communicative event are some important features
of context ( Hymes 1964)
Register also plays an important role in
discourse. Register imposes constraints at the
linguistic level of vocabulary and syntax.
Genre constraints operate at the level of discourse
Schema is a term used for a conventional
knowledge structure that exists in memory. A
number of such structures are called
These are mental representations of typical
These are used in the interpretations of what
we experience.
This can be said to be the background
knowledge that we already have. E.g. a
description of a visit to a super market will no
include details as many of us will already have
a schema for supermarkets, kings– crown, seal
Spoken discourse Written discourse
 Speech occurs at varying
 writing develops in space in
speed, especially one that is
that it needs a means to carry
suitable for the speaker,
the information.
even if it may not be
 The readers are often
appropriate for the listener
unknown, as a result he cannot
and though a request for adjust to readers' specific
repetition is possible, it is expectations.
difficult to imagine a  The writer is able to consider
conversation in which every the content of his work which
sentence is to be rephrased. makes it more coherent,
 talking might be having complex syntax.
spontaneous which results  neat message organization,
in mistakes, repetition, division into paragraphs,
sometimes less coherent layout are of vital importance
to make comprehension easier.
sentences where even
texts might be read at
grunts, stutters or pauses different times and places. the
might be meaningful. organization of tables,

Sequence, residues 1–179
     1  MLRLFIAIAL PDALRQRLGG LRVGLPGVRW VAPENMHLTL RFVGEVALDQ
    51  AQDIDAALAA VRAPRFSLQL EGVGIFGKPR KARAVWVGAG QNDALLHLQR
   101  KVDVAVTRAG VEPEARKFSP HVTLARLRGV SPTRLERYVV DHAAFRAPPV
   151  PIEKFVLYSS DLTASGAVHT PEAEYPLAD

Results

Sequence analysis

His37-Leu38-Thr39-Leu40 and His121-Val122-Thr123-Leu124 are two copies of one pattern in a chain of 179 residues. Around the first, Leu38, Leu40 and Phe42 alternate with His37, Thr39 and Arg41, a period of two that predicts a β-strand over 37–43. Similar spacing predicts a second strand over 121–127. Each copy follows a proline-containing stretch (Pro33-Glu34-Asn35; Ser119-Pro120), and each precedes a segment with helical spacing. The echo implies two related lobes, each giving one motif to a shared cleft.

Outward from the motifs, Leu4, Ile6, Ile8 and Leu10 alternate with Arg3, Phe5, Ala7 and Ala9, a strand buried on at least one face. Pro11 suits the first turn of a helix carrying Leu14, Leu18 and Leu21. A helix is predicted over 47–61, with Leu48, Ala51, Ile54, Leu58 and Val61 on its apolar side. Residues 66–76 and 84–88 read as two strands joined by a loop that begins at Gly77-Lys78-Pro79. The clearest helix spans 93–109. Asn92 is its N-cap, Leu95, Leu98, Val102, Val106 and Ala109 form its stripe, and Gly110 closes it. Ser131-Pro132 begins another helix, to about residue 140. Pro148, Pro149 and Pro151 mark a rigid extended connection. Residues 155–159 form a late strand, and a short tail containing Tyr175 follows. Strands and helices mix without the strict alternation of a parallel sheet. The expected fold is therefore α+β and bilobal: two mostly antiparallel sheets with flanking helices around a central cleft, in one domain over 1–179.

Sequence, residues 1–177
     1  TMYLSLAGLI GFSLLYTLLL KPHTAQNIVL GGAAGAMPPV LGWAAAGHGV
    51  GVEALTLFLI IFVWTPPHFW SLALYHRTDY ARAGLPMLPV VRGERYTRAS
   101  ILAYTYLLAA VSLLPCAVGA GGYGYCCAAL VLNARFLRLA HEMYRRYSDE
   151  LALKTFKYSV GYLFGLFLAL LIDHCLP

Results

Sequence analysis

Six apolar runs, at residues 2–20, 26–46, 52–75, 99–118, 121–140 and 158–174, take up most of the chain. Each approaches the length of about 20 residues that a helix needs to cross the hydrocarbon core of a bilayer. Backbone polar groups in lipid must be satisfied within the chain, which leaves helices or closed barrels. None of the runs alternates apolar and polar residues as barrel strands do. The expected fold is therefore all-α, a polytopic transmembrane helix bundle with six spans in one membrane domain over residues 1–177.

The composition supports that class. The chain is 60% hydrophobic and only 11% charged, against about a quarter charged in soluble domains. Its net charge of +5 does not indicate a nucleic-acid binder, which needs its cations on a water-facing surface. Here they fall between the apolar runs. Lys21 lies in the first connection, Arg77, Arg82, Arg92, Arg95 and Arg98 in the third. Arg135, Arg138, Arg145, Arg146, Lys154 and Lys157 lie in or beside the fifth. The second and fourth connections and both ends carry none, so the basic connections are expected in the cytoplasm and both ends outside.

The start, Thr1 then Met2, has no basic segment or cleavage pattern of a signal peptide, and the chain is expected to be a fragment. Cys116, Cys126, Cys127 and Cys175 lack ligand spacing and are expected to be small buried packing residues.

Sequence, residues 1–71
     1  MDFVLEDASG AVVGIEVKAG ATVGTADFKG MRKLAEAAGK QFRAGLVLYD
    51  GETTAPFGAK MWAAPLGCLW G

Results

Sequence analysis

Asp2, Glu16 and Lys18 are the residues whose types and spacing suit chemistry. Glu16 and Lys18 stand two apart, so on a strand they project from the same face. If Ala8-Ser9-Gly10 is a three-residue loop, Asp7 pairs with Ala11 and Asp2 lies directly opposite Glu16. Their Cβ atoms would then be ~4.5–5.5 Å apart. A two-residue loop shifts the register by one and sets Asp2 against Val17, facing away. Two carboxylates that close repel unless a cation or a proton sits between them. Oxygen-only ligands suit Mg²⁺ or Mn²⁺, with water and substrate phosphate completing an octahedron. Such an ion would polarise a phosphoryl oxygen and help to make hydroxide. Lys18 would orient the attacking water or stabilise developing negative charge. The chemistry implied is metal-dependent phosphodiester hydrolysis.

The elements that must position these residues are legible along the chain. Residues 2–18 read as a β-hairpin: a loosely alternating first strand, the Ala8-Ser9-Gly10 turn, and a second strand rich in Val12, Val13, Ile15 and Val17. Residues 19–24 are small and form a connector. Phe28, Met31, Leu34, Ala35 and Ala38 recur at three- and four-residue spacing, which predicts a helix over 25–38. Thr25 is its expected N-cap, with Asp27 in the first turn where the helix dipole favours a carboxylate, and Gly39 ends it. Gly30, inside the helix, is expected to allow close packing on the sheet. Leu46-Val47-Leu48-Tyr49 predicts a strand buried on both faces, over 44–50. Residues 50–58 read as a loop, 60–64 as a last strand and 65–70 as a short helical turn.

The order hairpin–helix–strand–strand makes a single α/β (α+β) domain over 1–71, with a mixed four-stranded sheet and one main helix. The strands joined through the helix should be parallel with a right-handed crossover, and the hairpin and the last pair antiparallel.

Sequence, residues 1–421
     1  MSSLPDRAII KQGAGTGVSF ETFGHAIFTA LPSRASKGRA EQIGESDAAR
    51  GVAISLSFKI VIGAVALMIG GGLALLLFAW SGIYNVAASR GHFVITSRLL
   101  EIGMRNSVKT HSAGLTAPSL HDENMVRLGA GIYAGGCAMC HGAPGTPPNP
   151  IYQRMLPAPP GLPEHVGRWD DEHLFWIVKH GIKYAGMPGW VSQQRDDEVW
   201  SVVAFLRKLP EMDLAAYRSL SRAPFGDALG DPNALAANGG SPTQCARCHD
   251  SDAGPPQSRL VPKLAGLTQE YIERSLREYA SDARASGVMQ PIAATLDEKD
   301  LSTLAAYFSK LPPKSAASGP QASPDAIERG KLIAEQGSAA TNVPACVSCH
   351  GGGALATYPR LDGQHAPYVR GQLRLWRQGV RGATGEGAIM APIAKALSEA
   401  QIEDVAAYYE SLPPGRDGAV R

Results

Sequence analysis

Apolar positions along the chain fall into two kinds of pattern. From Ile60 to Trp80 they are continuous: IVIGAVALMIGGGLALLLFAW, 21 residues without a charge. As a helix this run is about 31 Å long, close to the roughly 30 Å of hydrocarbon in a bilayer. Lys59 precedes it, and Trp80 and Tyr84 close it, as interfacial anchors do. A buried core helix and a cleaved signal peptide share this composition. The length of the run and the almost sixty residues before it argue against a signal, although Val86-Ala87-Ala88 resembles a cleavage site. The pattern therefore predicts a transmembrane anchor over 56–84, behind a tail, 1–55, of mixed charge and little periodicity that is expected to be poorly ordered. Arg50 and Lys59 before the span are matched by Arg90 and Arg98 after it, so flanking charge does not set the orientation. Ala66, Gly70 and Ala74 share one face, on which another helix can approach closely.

 The speaker usually knows formulas, or charts can be
the listener, or listeners, portrayed only in written form
Spoken discourse
 As interlocutors are most often in face-to-face
encounters (unless using a phone) they take
advantage of extralinguistic signals as grimaces,
gesticulation, expressions such as 'here', 'now', or
'this' are used.
Employment of nonsense vocabulary, slang and
contracted forms (we're, you've) is another feature
of oral discourse.
 Among other significant features of speech there
are rhythm, intonation, speed of uttering.
 What is more important, is the inability to conceal
mistakes made while speaking.
An important feature of spoken discourse is turn-
Patterns in a text
 All types of discourse are structured and
patterned which are hierarchical in nature.
Broadly speaking the following patterns occur
in a text/discourse:
General –specific Patterns: the subject of
the sentences will be related to the topic and
the pattern moves from general to specific.
Cause-Consequence Patterns: these
relationships imply that A causes B or vice
versa. E.g use of because, so, as a result,
show this pattern.
Instrument-Purpose Patterns: Ideas of
purpose and achievement are linked. Phrases
like in order to show reason or purpose of an
Patterns in Discourse
Problem-Solution Patterns: some texts
need or have gained solutions. They follow the
following structure– SITUATION --- PROBLEM---
Predictive Patterns: certain nouns called text
nouns refer to other parts of the text. E.g.
situation, fact, move, problem etc. they can also
be used to predict what will happen next in the
Sets of Expectations: we have expectations of
things that we read/hear about, or that exist in
certain situations.
We also have expectations about the order in
which we will find things. E.g. newspaper.
Discourse is a highly politicized phenomenon.
Studies of discourse investigate the relations
between language, structure and agency.
Discourse is used as a term to describe the
conversations and the meaning behind them by a
group of people who hold certain ideas in common
known as a discourse community.
Words within discourse can express different
viewpoints. The words couch potato has negative
How is discourse a highly
political phenomenon?
What is Discourse Analysis?
What is Critical Discourse